Monday, July 11, 2011

Diary of a Lottery Winner's Daughter by Penelope Bush

Does money have to change everything?

Charlotte and her family are determined that winning £3.7 million on the lottery won’t change them. But they haven’t counted on how everyone around them will react.

Charlotte’s best friend is acting strangely, and someone’s spreading cruel rumours at school. Can Charlotte use the money to change things for the better?

Penelope Bush goes beyond clichés and creates quirky, truly believable characters with complicated lives.

When we meet Charlotte (who I'm so pleased to say never is called anything but Charlotte) she is about to go on holiday with her mum and dad, her oldest sister Chelsea and Spencer, her older but smelly brother.  They are borrowing their aunt and uncle's caravan and heading to Weston Super Mare for a week's break by the sea.  We very early realise that Charlotte and her family aren't wealthy and that their house on one of the estates in Bristol is too small for them.  Charlotte has to share with Chelsea and everything about Chelsea is hard work.  She seems permanently sulky and miserable.  She kicks up a fuss about everything and makes her parents lives very difficult indeed.

Charlotte is sweet and kind and generous and she's a bookish kind of girl.  She is also quite small for her age.  She is about to turn 13 so finds it very difficult to relate to her older sister.  She is close to her brother, Spencer, which I quite liked and the two of them form a good unit and buffer against Chelsea's bad ways.

When they get back from their holiday Charlotte's mum has them stop at the local Tesco to quickly run in to do some shopping and to buy a new lottery ticket.  In the process of buying the new ticket, she finds the week before's ticket and when the staff check it...they advise her to ring the number on the back of the ticket.  She does when they get home and it's revealed that it is indeed a winning number.

Cue the dramatic screaming and shouting.  Slowly but surely things change for Charlotte and her family.  Chelsea starts househunting for them, Spencer who is clever and good at maths asks to be sent to a better high school and Charlotte, Charlotte asks for more books and some stationery.  A girl right after my own heart.

So, after the initial shrieking and the initial random clothes buying, what next? Life goes back to normal, really.  And that is what happens to Charlotte.  She goes back to school but she finds that her best friend Lauren is acting a bit standoffish towards her but she doesn't really think anything about it.   As the weeks go by, and her mum and dad reveal that they are moving into a new (older house) place, moving away from the estate, all that Charlotte can think about is: a room of her own and also floor to ceiling bookshop. And that is exactly what she gets.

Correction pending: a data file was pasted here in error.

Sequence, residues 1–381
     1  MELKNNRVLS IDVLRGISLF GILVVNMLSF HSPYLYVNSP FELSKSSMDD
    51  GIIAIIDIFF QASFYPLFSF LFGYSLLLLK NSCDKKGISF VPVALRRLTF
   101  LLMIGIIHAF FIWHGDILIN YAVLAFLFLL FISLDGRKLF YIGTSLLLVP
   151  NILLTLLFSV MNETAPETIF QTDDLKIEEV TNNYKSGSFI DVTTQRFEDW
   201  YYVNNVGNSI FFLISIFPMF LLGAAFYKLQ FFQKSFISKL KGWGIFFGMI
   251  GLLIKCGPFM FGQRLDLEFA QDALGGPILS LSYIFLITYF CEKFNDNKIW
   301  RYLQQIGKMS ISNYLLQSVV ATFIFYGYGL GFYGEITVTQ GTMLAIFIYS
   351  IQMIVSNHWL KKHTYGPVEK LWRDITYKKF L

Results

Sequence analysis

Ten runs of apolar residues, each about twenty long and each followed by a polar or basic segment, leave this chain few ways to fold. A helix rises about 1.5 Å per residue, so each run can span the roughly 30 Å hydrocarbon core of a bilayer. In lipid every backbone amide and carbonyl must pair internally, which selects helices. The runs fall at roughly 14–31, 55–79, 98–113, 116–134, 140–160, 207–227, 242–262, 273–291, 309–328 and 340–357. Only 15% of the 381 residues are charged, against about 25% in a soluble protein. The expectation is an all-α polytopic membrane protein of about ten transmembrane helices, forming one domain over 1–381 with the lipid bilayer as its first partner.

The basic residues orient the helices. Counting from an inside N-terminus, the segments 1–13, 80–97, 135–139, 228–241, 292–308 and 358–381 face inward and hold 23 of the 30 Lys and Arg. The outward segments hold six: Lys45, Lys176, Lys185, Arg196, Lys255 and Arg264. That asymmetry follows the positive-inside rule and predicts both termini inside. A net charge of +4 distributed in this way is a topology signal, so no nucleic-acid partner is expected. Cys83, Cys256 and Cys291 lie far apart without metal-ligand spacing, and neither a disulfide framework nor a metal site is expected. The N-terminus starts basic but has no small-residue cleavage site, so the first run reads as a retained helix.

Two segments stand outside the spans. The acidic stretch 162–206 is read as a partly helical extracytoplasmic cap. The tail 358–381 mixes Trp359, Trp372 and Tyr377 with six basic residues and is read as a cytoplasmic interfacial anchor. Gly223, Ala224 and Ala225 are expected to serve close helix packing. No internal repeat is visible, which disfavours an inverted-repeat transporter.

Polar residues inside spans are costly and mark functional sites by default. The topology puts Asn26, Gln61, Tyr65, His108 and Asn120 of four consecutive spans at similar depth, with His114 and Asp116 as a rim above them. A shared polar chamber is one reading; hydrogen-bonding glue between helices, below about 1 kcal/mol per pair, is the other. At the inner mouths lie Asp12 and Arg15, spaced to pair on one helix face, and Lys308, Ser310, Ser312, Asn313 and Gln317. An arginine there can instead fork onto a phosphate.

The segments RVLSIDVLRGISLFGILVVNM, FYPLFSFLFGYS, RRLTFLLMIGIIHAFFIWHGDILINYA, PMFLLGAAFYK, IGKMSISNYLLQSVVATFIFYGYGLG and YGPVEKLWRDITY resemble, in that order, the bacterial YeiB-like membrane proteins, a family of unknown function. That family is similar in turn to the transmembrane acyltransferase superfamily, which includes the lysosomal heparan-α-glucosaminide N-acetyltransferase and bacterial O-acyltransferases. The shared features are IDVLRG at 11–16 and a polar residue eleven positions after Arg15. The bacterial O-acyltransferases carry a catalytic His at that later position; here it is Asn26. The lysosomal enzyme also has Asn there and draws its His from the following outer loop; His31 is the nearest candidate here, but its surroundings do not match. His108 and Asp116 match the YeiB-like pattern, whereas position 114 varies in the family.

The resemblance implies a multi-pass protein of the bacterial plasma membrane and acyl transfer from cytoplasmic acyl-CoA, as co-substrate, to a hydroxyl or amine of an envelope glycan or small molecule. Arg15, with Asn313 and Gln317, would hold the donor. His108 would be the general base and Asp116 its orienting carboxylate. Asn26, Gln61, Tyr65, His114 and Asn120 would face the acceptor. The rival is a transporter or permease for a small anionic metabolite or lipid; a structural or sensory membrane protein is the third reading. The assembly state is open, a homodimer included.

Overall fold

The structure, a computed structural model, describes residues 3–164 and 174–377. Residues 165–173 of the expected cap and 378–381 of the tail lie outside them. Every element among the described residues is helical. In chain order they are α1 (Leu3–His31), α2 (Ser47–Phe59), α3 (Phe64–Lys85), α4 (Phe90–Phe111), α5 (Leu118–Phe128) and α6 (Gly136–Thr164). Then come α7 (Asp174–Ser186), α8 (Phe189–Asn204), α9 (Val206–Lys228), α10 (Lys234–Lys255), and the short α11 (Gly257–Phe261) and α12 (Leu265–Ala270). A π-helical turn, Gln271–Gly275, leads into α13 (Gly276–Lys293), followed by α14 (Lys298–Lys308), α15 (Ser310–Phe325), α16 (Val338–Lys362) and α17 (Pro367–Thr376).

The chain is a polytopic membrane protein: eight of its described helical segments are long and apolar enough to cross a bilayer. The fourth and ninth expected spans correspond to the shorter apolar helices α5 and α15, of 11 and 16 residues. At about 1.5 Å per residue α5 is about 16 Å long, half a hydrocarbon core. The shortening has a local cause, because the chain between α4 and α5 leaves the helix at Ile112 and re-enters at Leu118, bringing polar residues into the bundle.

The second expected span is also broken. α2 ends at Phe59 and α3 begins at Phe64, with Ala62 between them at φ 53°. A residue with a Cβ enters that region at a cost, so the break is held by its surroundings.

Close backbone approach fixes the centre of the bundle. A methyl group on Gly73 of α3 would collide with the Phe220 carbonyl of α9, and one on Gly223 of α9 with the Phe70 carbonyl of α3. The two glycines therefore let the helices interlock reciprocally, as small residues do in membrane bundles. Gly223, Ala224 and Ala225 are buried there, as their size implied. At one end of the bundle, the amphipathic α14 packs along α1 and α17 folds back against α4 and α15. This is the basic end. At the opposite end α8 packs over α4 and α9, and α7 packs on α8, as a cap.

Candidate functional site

Lauren's not at all happy and immediately makes friends with the new girl who moves into Charlotte's old house on the estate.  Chelsea is having problems too.  Suddenly the girls who used to hang out with her become antagonistic and fights start breaking out.

Charlotte becomes deeply upset when she realised that Lauren and the new girl, Stacey, have become good friends.  And they were basically freezing her out.  Annabel, a girl who lived near to Charlotte (someone she had seen in class but never really spoke to) starts speaking to her and before their friendship can really grow, it all goes wrong.

I enjoyed reading this novel - I thought that Charlotte's character deserved to have everything she wished for her and others.  She is honestly a nice kid and really likeable.  She's just not very adept at dealing with the real world, so that when the new girl Stacey takes advantage of her, she's so shocked that instead of telling her parents, she bottles it up and tries to work through it herself.  When she bungles telling Lauren, Lauren doesn't believe her.

Her fragile friendship with Annabel starts growing but things are falling apart at home.  Chelsea runs away from home after a bad fight with her dad and her parents start blaming themselves.  It's a complete nightmare.

As the story evolves and changes, Charlotte is a complete heroine and does her utmost to find and help everyone.   And of course, we are so vested in Charlotte's story, we can't wait for everything to be fine for her.

I thought that the writing was first class and the characterisation works very well.  The story and situations all make complete sense as they are super-believable.  It's not all sunshine and roses all the time, not even when you've won the lottery, as it brings its own ups and downs.

Diary of a Lottery Winner's Daughter is a fun read and it's given us a great new heroine who is just a tiny bit fabulous and cool, for all her geeky bookishness.  This is the author, Penelope Bush's second novel and I have to say...I think we've got a new voice for younger girls in the vein of Cathy Hopkins and Cathy Cassidy.


Linda said...

Sounds good. There is a message there, about fortune not guaranteeing happiness, but it sounds as if it's sufficiently well wrapped in story not to be preachy. Will look out for it.

Jenni @ Juniper's Jungle said...

This sounds great, Charlotte sounds like my kind of character!

Raimy from Readaraptor Hatchling said...

this one sounds awesome must check it out! :D